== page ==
, creating a near-contiguous expanse of green space not to be trod upon. Which didn't stop the jogger I saw, in biking shorts and polo shirt with collar turned up, iPod buds in place, setting out along the gravel paths of the cemetery. It did leave me with the continual sense of being on the perimeter, but there were some fairly compelling sights even in the borderland.
One of the things that I found most striking along the route was the direct correlation between the size of a house and the likelihood that its occupants were back in it. The great majority of the stately houses lying between Metairie Cemetery and the canal had lights burning in them. On the front lawns of the few unoccupied ones, FEMA trailers were less likely than port-o-johns for the construction workers. The more modest homes, in the area bounded by the curve of the I-10/I-610 split (which might technically be part of "Navarre," another neighborhood no one seems to have heard of), were even-parts occupied, FEMA-trailered, and ghostly. And a fair number of the houses in each category had "for sale" signs out front.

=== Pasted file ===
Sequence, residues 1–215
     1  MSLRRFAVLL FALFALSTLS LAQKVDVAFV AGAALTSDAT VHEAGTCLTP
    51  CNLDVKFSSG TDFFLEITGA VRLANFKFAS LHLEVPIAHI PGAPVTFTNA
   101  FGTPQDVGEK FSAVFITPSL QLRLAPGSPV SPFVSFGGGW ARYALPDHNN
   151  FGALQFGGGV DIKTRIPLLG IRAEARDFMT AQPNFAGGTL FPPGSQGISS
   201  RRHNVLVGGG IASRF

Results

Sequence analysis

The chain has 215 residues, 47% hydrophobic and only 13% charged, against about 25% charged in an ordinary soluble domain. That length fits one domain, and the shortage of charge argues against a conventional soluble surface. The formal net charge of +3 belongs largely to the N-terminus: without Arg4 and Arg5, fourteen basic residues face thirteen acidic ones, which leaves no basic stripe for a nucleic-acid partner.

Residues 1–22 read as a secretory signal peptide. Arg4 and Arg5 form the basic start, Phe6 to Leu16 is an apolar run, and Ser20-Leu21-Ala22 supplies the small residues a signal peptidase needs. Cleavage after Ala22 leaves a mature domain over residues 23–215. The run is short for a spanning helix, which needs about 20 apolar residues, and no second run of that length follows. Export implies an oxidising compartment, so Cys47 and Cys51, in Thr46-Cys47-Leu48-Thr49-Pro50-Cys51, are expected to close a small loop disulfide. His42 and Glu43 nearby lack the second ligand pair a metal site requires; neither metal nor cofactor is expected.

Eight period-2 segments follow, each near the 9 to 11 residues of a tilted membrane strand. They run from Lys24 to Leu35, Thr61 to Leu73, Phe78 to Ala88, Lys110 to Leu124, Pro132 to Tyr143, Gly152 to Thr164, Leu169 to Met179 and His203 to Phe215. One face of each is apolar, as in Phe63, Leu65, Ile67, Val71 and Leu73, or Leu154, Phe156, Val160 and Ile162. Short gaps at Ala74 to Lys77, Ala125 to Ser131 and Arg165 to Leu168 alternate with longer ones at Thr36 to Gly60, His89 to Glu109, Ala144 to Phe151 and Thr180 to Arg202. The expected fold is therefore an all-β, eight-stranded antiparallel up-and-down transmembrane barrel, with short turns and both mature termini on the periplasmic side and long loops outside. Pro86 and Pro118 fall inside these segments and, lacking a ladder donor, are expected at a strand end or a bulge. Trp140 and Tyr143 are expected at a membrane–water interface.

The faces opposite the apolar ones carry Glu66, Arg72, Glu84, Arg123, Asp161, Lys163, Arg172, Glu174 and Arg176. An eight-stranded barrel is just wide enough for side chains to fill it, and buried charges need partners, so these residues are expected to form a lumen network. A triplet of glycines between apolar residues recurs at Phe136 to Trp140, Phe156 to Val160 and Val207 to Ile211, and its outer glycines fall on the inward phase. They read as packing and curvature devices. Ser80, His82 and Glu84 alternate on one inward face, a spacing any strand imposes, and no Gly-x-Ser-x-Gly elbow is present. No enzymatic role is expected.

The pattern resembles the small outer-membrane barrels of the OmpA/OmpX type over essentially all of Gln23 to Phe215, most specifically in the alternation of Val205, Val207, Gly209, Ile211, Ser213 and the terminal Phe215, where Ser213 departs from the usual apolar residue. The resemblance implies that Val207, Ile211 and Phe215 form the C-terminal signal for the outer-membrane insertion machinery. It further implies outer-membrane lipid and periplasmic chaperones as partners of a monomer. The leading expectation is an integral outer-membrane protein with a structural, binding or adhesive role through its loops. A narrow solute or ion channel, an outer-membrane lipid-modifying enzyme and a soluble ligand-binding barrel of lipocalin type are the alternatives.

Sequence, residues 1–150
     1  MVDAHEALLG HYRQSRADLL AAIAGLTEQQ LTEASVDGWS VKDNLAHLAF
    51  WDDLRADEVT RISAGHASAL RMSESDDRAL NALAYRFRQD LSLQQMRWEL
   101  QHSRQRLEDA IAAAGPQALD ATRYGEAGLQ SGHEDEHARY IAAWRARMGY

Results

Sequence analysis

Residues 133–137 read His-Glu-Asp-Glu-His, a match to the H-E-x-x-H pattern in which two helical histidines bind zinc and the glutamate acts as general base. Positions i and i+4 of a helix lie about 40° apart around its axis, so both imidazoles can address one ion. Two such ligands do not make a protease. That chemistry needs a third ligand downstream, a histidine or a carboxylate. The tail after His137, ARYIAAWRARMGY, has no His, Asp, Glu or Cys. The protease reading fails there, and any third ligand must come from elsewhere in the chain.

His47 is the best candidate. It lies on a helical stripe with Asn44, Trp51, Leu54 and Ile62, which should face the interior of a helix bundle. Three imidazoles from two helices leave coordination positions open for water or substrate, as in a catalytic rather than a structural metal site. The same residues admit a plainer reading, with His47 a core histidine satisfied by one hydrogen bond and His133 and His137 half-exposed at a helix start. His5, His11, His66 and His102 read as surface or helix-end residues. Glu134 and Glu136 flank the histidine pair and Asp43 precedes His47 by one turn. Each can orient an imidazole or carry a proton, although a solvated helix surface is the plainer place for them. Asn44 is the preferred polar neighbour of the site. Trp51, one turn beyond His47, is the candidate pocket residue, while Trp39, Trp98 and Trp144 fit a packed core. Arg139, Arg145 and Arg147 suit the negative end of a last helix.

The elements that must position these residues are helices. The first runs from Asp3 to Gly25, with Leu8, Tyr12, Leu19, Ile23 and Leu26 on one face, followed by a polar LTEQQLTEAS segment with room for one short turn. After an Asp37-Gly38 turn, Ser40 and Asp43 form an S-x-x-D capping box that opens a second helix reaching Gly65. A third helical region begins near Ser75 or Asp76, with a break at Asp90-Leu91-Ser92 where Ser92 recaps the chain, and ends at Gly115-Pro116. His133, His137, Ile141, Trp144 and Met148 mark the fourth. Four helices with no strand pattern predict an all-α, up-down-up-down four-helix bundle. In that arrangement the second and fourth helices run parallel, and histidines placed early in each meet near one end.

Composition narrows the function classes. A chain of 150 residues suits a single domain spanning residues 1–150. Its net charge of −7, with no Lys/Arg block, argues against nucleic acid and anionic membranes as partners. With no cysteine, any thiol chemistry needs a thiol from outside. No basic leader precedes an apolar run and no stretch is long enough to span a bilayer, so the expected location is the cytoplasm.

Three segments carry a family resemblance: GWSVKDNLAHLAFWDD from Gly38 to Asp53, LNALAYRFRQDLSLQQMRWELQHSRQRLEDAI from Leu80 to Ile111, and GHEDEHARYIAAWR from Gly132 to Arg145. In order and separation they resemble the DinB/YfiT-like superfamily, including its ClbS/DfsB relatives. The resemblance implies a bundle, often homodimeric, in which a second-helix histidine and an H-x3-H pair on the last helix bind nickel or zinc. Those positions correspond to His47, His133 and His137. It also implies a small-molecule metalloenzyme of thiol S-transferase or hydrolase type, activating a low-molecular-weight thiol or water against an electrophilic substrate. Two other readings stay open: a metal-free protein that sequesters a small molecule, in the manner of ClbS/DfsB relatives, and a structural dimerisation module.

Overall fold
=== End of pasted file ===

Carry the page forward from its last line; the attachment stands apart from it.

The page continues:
I snapped a photo of a house that seemed to make a definitive statment, "Can't get fooled again." Then there was the neighborhood at the lower edge of the country club. Here, where the smallest houses of the area congregated, I saw fewer FEMA trailers and more remaining debris. It's not that there isn't a general correlation, citywide, between financial status and the chances that you're back (with some major exceptions), it's just that this area provided the handy graphic to go with that data: little green Monopoly house means struggling to get back; big red Monopoly-hotel-sized house means "we're back and love the new kitchen."
By the way, the cemeteries here are "cities of the dead"--to use the goth-club-cum-drama-club tourguide term of choice--just like the more famous St. Louis Cemeteries
. But the vaults and monuments in Metairie and Greenwood
Cemeteries are much grander. I love the great elk stag standing guard at the Elks club tomb at the gates of Greenwood. But, since biking around cemeteries after dark isn't exactly a hobby for me, I decided it was time to find a drink.